How old are you? I am guessing that the age of most of you who regularly use this site, are younger, perhaps very much younger, than me. I am approaching 87, and I find that my mental capacities have changed considerably over the last few years. Of course everyone will be different but perhaps a description of the kinds of things I have experienced may be valuable or, at least, interesting.
Everyone accepts that that they will eventually die, but we are able to put that thought on one side most of the time — it is such a long way off. But, at 87, notwithstanding my reasonable capacities, it is suddenly quite close. I have a good friend, Barney, of equivalent age who says: ‘Three months at our age is about the same period as three years for an earlier age.’ My father died in his seventies, but nowadays that seems to be ten years too soon.
I do have one ‘age’ disability: my memory is failing. So I have to surround myself with note books so that I can record notes of what is said to me, or what I must do tomorrow or the day after. I prefer people to send me an email rather than to telephone: the telephone message whisks off into mid air, the email remains in front of me.
I am not going to swank by telling you that I have a good family, I always knew they were. Through this last year or so, they have given me tremendous support, but I expected that already. In fact I often have to be careful not to mention all my needs — my children, grandchildren, great grandchildren (27 in all) have their own responsibilities. Within a few minutes of my writing I will be visited by a 6 month old great grandchild. He and I just giggle. (Yes, indeed, he came — with his dad and grandad. We are all helping him with his early walking skills — giggle, giggle, giggle.)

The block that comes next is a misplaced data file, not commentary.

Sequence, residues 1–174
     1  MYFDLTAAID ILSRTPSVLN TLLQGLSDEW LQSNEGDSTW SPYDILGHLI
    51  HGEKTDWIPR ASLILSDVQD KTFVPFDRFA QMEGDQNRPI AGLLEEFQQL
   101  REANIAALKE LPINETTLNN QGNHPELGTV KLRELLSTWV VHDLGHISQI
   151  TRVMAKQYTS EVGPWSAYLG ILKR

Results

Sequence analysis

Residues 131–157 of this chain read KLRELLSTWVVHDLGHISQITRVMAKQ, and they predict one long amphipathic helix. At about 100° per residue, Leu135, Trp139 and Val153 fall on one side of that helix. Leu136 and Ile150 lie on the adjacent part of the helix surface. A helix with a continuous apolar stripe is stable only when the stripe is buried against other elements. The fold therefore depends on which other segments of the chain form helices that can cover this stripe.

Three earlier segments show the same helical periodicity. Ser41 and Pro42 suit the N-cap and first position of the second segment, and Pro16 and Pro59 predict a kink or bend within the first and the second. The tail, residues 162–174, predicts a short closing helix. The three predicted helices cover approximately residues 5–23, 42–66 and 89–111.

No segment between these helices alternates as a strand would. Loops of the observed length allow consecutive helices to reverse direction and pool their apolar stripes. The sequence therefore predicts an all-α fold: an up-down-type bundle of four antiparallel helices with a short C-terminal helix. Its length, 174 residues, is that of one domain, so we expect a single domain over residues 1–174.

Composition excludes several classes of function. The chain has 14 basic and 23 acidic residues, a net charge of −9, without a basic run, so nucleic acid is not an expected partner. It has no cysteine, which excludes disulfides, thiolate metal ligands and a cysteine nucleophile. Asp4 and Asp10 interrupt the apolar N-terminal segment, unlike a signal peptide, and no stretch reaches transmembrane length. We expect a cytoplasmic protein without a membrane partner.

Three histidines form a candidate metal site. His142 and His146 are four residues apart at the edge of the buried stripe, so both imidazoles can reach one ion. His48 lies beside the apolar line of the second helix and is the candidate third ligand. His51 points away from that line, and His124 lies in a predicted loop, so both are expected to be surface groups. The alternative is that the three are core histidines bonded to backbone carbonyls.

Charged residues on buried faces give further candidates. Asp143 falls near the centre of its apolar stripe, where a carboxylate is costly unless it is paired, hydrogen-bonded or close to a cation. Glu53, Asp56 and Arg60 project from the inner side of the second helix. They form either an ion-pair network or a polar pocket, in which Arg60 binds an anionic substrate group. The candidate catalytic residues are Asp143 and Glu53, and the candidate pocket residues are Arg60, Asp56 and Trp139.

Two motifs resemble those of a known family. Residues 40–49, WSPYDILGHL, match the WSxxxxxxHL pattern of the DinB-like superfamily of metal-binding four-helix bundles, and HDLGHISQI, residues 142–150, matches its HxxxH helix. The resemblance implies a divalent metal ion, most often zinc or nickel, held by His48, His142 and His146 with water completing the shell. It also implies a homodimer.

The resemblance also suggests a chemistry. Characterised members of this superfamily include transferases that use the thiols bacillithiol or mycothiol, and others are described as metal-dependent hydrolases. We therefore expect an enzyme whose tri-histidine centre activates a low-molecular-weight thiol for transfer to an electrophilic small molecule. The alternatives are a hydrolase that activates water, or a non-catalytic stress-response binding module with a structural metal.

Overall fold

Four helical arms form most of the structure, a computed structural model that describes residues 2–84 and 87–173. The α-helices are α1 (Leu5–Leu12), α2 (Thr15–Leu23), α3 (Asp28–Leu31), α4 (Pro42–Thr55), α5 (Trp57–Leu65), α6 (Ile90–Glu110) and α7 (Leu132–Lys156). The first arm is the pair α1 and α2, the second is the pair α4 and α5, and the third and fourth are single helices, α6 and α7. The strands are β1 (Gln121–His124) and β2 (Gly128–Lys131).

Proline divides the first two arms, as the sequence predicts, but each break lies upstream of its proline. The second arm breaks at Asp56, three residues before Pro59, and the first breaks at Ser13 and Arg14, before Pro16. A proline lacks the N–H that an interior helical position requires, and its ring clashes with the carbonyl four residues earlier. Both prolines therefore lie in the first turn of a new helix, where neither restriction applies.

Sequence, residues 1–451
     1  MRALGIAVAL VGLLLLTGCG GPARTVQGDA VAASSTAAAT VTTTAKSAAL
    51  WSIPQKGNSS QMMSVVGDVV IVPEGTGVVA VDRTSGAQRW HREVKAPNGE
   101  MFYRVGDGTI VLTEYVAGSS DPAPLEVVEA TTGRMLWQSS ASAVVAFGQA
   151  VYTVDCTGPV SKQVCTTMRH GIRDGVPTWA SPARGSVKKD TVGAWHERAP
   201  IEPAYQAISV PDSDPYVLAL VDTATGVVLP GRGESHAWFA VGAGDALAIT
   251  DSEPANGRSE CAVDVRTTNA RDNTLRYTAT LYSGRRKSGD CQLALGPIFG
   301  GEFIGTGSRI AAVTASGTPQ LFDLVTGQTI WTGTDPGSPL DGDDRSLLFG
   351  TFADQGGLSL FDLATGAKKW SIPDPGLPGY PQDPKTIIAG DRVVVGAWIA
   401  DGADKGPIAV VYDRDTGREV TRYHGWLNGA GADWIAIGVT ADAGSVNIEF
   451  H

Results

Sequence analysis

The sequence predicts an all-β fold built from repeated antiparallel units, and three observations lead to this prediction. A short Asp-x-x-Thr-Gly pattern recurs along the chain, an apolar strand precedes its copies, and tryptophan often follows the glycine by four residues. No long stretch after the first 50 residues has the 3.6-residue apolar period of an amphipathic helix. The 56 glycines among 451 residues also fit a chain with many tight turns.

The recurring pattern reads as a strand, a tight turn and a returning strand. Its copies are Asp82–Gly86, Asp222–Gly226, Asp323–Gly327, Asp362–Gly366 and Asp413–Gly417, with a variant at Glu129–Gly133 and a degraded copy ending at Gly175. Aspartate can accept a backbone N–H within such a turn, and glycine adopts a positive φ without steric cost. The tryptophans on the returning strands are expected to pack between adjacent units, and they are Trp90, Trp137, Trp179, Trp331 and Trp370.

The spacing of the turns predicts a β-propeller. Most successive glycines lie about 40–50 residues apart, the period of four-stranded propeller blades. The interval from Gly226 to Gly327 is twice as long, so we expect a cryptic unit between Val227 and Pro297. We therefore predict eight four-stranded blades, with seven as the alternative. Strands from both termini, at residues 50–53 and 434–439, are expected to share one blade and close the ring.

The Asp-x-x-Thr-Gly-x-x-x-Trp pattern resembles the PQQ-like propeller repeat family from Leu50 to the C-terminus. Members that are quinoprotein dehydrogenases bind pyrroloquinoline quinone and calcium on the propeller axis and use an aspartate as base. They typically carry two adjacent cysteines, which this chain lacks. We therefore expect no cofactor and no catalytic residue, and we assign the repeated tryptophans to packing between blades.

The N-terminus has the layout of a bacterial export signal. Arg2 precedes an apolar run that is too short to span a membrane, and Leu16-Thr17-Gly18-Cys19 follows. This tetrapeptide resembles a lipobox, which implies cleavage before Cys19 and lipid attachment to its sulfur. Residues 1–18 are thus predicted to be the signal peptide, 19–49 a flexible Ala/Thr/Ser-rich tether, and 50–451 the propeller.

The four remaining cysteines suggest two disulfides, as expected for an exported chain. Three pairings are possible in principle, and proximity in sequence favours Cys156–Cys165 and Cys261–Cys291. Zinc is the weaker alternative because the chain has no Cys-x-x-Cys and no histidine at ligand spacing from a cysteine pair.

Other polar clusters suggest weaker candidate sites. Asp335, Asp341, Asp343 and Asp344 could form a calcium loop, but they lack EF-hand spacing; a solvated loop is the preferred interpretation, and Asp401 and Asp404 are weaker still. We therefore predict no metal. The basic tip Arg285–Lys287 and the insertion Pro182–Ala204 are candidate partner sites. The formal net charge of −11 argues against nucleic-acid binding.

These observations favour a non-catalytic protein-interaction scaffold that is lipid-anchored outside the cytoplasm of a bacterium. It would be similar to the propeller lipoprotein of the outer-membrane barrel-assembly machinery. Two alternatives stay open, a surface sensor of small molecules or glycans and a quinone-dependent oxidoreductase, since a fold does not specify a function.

As a cradle Catholic I would have once assumed that I would accept my religious orthodoxy right up to the end. But in fact the closeness of the ‘end’ has brought about some changes in my mind.
One of them is relatively minor. I am aware of the emphasis the Church puts on the nature of its composition as a group, and I am, as it happens less than 50 yards from one of its finest parish churches. Yet, I vastly prefer to attend Mass through my computer. I am conscious of the value of its congregation but I prefer to listen and understand. I am joined by an old friend, and we have the time to share our thoughts.
More important is the Church’s emphasis on morality and, in particular, the ‘natural law’. Not surprisingly, it was thought that the Almighty’s law was expressed on created nature — from which we can infer the good and the bad. But it’s not so: the Almighty created evolution. This is a marvelous system which broadly ensures that inheritable skills and characteristics succeed because they are promoted through breeding.
This means they could change. The obvious example, of course, was artificial contraception. It was realized that only roughly two born babies per couple were nowadays required to maintain the population. Previously, infantile mortality required much large families.The Church was, and still is, prohibited by its ancient rules, based on ancient conditions — but they needn’t have bothered.
So, for instance, I have no problem with homosexuality — yes it can be promiscuous and damaging but, for the right person in the right situation, it need not be.
I come back to the summary of moral law, as described in the New Testament: the love of ourselves and the love of our neighbour. It is these commands against which I nowadays measure moral choices.
I think, for instance, of my old friend, Barney. He has a lady friend of a similar age. They are both widowed and each have a family in support. And yes, they have an intermittent sexual relationship. As Barney said to me: “At least we don’t have to use contraception!” I know that formal teaching would condemn their sexual element. But, if it enables them to have a happier and more meaningful life, would I not feel that they were justified?
What do you think?